The committee’s recommendations also called on Morris Adjmi, a Downtown firm specializing in buildings in historic districts, to create a “permanent, prominent bronze marker honoring those who died at the location” —Moises Ismael Locon, 27, a Sushi Park busboy; and Nicholas Figueroa, 23, a customer on a lunch date — and telling the story of the event, with review from Locon’s and Figueroa’s parents.

Andrew Berman, executive director of the Greenwich Village Society for Historic Preservation, who attended the committee meeting, said the building’s proposed design seemed more suited for “Bond Street in Soho” than the East Village. He joined several other attendees in calling for a memorial marker at the site for the two young victims.

“This isn’t just a new building,” Berman told The Villager in a telephone conversation. “It replaces two of three buildings that were tragically destroyed in the explosion. It’s important not to forget about this. The families felt strongly and we felt strongly, as well.

“We have grave misgivings about the person who sold [the property] to the new owner,” he added. “But we’re glad he is listening and responsive to the [victims’] families.”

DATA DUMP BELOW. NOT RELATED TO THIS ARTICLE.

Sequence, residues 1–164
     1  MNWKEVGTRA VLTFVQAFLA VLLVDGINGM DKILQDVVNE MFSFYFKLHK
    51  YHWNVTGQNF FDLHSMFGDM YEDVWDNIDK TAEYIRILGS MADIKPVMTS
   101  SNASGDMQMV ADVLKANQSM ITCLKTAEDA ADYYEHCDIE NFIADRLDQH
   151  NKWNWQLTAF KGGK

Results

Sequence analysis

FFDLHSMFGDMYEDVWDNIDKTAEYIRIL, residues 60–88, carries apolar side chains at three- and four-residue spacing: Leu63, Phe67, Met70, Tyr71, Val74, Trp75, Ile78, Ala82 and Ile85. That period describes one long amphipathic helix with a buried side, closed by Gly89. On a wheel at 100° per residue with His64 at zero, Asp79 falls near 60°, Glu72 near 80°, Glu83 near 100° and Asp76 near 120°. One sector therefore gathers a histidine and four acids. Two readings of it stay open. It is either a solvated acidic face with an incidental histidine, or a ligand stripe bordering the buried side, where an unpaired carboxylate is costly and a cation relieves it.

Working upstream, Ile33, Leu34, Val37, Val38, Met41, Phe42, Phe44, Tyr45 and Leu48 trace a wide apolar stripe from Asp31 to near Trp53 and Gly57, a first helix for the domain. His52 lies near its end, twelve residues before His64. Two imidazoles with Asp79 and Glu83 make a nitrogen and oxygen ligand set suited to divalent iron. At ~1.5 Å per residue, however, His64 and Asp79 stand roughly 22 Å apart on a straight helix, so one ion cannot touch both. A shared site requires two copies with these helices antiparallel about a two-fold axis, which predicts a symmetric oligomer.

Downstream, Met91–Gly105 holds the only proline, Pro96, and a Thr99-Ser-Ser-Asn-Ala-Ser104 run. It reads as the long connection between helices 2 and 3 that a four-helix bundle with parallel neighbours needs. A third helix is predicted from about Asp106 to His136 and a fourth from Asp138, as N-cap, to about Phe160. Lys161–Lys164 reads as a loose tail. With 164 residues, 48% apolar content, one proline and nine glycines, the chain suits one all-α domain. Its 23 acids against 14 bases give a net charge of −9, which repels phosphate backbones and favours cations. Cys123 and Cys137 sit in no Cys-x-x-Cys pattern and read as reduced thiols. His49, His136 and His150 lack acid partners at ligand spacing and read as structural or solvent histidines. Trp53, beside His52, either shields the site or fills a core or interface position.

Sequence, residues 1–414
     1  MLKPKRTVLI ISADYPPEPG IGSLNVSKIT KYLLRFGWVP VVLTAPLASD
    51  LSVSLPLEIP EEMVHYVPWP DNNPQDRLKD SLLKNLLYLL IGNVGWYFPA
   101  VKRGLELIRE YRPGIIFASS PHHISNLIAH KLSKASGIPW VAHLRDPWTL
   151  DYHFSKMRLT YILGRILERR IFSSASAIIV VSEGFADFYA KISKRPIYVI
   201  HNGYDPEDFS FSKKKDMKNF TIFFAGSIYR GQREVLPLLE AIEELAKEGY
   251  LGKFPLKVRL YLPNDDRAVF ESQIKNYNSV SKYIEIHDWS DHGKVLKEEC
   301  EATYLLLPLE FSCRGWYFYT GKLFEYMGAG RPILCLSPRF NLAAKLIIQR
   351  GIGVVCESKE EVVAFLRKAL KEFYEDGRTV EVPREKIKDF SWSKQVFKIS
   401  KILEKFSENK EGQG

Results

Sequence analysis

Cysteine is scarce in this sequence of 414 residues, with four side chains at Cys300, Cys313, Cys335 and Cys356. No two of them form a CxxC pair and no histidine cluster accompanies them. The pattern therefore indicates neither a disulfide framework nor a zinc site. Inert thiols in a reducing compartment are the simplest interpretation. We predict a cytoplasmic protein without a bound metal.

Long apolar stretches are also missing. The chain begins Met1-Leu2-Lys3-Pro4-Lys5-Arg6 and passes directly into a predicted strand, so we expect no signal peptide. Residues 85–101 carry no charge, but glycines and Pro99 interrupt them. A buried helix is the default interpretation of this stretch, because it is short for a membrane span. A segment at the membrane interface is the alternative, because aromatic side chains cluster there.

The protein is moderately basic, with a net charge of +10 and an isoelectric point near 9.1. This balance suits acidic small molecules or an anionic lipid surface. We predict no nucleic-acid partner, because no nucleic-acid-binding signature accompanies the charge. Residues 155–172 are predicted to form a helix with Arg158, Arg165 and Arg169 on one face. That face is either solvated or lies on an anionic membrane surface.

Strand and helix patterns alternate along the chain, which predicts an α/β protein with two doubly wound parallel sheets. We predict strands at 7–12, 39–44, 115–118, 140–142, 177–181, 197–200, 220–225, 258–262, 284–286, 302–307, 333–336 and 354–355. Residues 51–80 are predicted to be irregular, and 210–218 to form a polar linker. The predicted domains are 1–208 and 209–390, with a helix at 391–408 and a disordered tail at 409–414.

Another hearing on the project is tentatively scheduled for Tues., July 10, at the city’s Landmarks Preservation Commission, at One Centre St.

Nexus owner Cohen reportedly attended the board’s Landmarks Committee meeting and wanted to put a plaque “on a tree” at the site to honor Locon and Figueroa. But the committee rejected the idea, said Nicholas’s father, Nixon Figueroa, 55, who spoke briefly at the hearing.

“It’s a nice design, but I don’t like the gray color, and there are too many windows and too much glass in the storefronts,” said Figueroa, an Upper East Side handyman who works on construction sites. “It looks like a futuristic building that doesn’t belong” in the East Village, he told The Villager.

Figueroa attended the committee hearing with his son Brandon and wife Ana, who, he said, hopes for a memorial plaque at the site that would provide the names of “the victims and all the people who lost their apartments” in the explosion. He said he was also speaking for Locon’s father.

Creative-arts therapist Anne Mitcheltree, a longtime E. Fifth St. resident who attended the Landmarks Committee hearing, said she’d like to see “maybe a fountain with water coming out of it” for a memorial. “Or a lamppost with light at night and then a plaque,” she said, “but not just another plaque on the wall that no one will notice.”

Mitcheltree, 60, told this reporter that she objected strongly to Adjmi’s design for the building, claiming it “erases our history” and does not reflect the East Village’s ethnic diversity.

In contrast, Richard D. Moses, president of the Lower East Side Preservation Initiative, described the design as “respectful,” and said it “picked up motifs in the area — but in the modern idiom, in terms of its scale and its materials.”

However, Moses said the project could benefit from “more of a sense of the exuberance of the East Village. It’s a little buttoned-down,” he noted.